Healthy Aging: ‘Vax’ is an odd word of the year
The Oxford Language 2021 Word of the Year is vax. Yes, ”vax.”
It’s an abbreviation for the longer words we have often used in sentences this past year. Sentences like, “Yes, I had both my Moderna vaccinations, and next week I get my booster.”
Or sentences like, “I wasn’t sure about getting the vaccine until I read you are five times more likely to end up in the hospital if you get COVID and have not been vaccinated.”
Although I am more inclined to say “shot” or “shots” instead of vaccination(s). Because I just got my booster, that’s the word I use. Maybe booster will be next year’s word of the year.
I do not think I have ever used the word “vax” in casual conversation. It’s a word that one word merchant suggested “skulked around the margins of the language since it first appeared in the 1980s.” But apparently it came into its own this year; it was reported to have been used 72 times more frequently. I’m not sure how dictionary-types measure that kind of thing, but I take them at their word.
These lexicographers seem very pleased with their decision. They announced it by saying, “This jaunty form of vaccine has injected itself into the bloodstream of the English language.” I question the use of “jaunty” to describe anything involving sticking needles in arms, but maybe that’s just me.
This I know. Whatever term that’s used to describe how comforted I am that my immune-compromised husband and myself are fully vaccinated would understate the balm it brings to my life. I did a war hoop after my first shot and a thumbs up to the people waiting in line after my second vaccination. The likelihood that my 8-year-old grandson will receive the vaccine before Thanksgiving helps me sleep better at night.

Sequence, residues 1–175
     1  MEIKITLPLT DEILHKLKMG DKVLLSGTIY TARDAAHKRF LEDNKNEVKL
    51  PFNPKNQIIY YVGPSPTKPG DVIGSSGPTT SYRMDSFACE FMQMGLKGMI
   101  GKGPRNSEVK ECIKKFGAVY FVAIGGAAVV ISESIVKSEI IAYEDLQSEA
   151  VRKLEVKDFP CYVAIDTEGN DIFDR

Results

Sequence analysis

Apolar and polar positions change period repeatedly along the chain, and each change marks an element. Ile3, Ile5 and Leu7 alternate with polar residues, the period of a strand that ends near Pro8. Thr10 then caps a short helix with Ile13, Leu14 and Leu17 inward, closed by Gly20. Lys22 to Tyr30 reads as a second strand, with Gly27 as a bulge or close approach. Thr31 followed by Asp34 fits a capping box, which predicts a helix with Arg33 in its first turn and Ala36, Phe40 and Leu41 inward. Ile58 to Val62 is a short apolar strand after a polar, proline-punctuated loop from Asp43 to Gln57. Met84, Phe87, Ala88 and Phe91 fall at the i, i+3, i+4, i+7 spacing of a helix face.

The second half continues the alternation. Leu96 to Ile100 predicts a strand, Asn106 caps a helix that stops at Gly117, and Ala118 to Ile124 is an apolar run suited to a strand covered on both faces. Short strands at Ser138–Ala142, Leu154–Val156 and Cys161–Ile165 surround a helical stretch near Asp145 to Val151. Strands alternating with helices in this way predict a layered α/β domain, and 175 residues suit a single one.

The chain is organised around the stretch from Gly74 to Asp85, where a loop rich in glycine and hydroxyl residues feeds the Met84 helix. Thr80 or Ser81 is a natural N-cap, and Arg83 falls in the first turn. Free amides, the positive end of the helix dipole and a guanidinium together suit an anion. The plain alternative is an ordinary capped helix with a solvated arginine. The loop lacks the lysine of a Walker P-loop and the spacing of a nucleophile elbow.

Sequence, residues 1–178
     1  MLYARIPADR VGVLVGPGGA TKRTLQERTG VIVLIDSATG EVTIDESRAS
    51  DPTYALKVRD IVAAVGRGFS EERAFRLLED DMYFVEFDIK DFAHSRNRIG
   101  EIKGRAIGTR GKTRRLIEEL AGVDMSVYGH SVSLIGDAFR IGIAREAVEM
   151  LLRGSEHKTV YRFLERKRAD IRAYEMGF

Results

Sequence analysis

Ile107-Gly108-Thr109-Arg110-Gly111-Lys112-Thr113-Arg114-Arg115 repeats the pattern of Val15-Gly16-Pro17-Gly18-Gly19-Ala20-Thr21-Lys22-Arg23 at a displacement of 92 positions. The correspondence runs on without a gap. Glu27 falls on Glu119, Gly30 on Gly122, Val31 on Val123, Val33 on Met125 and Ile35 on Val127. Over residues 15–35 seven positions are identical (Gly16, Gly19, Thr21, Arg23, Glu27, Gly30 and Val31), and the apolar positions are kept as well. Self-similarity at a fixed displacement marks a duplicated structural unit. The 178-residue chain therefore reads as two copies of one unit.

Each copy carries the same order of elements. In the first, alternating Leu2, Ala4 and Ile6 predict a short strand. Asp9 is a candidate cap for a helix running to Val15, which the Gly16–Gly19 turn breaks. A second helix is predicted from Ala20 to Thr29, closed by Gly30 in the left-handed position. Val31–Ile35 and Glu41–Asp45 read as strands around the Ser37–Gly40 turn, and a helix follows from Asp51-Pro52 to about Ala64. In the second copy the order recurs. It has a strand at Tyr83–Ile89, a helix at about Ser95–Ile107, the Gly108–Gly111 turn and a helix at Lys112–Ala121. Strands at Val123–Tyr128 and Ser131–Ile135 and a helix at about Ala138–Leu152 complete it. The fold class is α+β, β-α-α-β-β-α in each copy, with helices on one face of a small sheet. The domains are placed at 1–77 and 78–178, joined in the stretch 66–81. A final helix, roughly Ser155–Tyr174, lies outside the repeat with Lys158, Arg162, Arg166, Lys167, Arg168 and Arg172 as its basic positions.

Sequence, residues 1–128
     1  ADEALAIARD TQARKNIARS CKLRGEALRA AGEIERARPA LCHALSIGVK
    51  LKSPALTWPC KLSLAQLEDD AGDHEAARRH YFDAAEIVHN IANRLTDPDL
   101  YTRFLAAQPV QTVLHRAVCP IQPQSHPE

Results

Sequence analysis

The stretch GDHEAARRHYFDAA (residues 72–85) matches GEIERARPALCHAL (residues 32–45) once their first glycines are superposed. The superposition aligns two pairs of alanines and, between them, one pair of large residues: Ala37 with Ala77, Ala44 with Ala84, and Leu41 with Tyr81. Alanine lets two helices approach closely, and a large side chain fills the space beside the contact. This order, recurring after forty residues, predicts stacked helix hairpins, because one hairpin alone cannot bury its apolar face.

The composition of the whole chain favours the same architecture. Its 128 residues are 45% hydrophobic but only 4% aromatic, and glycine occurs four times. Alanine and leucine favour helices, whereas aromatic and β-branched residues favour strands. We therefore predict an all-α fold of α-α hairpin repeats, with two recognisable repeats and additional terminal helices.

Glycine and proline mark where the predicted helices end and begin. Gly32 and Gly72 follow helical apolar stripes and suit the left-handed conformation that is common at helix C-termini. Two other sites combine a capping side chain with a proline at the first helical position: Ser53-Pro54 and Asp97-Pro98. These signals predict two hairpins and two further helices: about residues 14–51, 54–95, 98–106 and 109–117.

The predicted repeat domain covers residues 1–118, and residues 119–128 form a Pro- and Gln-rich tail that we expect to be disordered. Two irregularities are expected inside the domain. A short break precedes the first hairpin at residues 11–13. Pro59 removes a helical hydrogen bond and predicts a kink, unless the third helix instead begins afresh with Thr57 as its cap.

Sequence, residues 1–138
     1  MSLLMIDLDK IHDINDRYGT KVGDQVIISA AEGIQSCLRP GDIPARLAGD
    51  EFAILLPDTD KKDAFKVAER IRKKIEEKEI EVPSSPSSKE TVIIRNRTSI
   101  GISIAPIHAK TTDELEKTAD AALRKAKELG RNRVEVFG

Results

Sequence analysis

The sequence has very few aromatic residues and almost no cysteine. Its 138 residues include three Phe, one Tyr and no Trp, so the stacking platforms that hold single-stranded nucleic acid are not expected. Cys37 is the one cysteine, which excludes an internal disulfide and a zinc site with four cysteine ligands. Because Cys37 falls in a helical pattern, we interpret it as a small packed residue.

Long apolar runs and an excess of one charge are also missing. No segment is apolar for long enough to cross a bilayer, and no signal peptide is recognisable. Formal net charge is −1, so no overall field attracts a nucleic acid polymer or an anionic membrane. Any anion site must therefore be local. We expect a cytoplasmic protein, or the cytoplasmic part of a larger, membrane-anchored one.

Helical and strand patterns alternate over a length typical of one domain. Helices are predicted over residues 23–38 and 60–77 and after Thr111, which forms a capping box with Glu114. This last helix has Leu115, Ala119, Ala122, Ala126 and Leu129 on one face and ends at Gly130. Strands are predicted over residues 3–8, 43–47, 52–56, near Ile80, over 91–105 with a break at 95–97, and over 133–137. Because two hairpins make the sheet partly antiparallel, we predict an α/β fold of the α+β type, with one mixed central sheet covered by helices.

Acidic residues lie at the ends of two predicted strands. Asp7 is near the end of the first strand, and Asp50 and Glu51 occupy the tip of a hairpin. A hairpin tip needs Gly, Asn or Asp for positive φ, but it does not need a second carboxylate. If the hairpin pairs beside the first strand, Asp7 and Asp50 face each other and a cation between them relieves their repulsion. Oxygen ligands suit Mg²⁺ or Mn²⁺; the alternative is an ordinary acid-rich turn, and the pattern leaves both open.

For those still resistant to vaccination, I feel both a sadness and a certain incredulousness. I think of them often when I get in the car and buckle my seat belt in observance of the 1968 mandate that has probably prevented hundreds of thousands of car accident deaths. Sometimes I think of the people opposed to the vax when I am in the shower and see the faint scar on my upper leg that my polio vaccination left.
And when that happens, it usually it takes my mind back to a seventh-grade moment when a sad-eyed friend took me to his home to meet his mother. She had polio and was in an iron lung in the center of an empty “living” room, with the whooshing noise from her metal-encased cage-bed the only sound. Her head was exposed but her body was fully enclosed. She faintly smiled and made strained attempts to speak. My friend put one hand, palm-down, on the side of the iron lung and held it there for several seconds. He smiled back, I think. I like to remember that he smiled back.
Thanks to the widespread use of polio vaccine, the United States has been polio-free since 1979. Remember that.
Sharon Johnson is a retired Oregon State University associate professor emeritus. Reach her at Sharjohn99@gmail.com.